Justin Schultz said decision to return will be his to make
Penguins coach Mike Sullivan
Justin Schultz isn’t making any promises about when he will return to the Pittsburgh Penguins lineup, but the veteran defenseman said Thursday the decision is his to make.
“It’s up to me (and) when I feel I’m ready to play, I’ll be in,” Schultz said after taking part in an optional practice at UMPC Lemieux Sports Complex. “It’s good to get these skates in and get as much work as I can.”
Schultz hasn’t played since Oct. 13 when he fractured his left leg in a game at Montreal. The expecation was that Schultz would be out four months, and he reached that mark on Wednesday.
Schultz has left open the possibility of playing this weekend when the Penguins play the Calgary Flames and New York Rangers on back-to-back days at PPG Paints Arena.
“It’s having confidence in my leg and feeling like I can go out and make a difference,” Schultz said. “I’m not going to be hesitant out there. The league is too fast nowadays. If you are slow reacting, you are going to get exposed. I’m just making sure I’m ready.”
The good thing for Schultz and the Penguins is that 25 games remain in the season, so there’s no reason to rush him back into the lieup.
“It’s not the playoffs yet, but I’ve missed I don’t know how many games now,” Schultz said. “I want to get in as quick as I can when I feel ready and try to get into things. It will be a tough first couple of games, so the quicker I get back, the better.”
Heavy workload for Murray
In back-to-back games, goalie Matt Murray has faced a combined 90 shots. That he has turned aside 88 of them has as much to do with the Penguins’ modest two-game winning streak as anything else.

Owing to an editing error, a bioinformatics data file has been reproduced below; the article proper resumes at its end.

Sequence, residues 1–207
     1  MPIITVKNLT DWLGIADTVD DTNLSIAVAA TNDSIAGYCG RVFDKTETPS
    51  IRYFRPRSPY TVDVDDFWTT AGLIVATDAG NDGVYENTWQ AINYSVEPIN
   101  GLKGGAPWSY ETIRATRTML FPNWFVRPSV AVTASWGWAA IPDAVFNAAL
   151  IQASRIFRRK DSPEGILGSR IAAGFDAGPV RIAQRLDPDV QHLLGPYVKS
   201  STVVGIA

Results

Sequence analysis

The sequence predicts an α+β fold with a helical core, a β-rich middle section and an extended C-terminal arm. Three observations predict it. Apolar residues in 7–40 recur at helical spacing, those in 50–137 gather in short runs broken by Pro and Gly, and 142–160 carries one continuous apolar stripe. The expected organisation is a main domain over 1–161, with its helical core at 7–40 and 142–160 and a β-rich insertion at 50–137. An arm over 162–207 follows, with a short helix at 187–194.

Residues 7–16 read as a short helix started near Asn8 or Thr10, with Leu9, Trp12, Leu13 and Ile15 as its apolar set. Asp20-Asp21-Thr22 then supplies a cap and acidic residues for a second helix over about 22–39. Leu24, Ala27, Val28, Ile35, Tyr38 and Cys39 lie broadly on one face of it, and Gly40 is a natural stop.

Murray backstopped the Penguins to a 4-1 win on Monday at Philadelphia and a 3-1 victory against Edmonton on Wednesday. The wins in consecutive starts were the first for Murray since he reeled off a nine-game winning streak from Dec. 15 to Jan. 11.
Murray stopped 50 of 51 shots against the Flyers and 38 of 39 attempts by the Oilers. It’s the most shots he faced in a two-game stretch this season.
“When he plays that way, the confidence carries over to the group in front of him,” coach Mike Sullivan said. “He’s got a calming effect with the way he plays the position. He’s very positionally sound, it’s an economy of motion. He reads the play extremely well.
“I’ve always felt his greatest assest is his hockey IQ, the ability to read the plays, to get to his spots. He makes difficult saves in certain instances look routing and they’re not, they are tough saves.
“That’s when Matt is at his very best, and he’s certainly been very good the past couple of games.”
Murray has lowed his goals-against-average to 2.82 and raised his save percentage to .916, just a tick below his career average.
Aston-Reese looking for more
With his first game in over a month out of the way, Zach Aston-Reese is looking to increase his hockey conditioning.
Skating on a fourth line Wednesday night, Aston-Reese played in his first game since Jan. 8 when he suffered a hand injury in a fight.
Aston-Reese played 10 minutes, 53 seconds against Edmonton. He had five hits and was a plus-one. He admitted it took a while to get going after sitting out 13 games.
“It’s always a little bit difficult to stay in game shape no matter what you do (while you’re out),” he said Thursday after practice. “You’re kind of using your whole body, not just your legs or your upper body. You’re recreating a scenario where you read and react. That’s the toughest thing to do. You just have to play games.”
Aston-Reese joined Matt Cullen and Garrett Wilson on a fourth line that, at times, found itself matched up against Edmonton’s top line that include Connor McDavid and Leon Drasistatl. The fourth-liners held the McDavid line in check during 4 minutes, 3 seconds of ice time.
“I thought as a line we played pretty well,” Aston-Reese said. “It felt good that coach trusted us to get the job done.”
Joe Rutter is a Tribune-Review staff writer. You can contact Joe by email at [email protected] or via Twitter .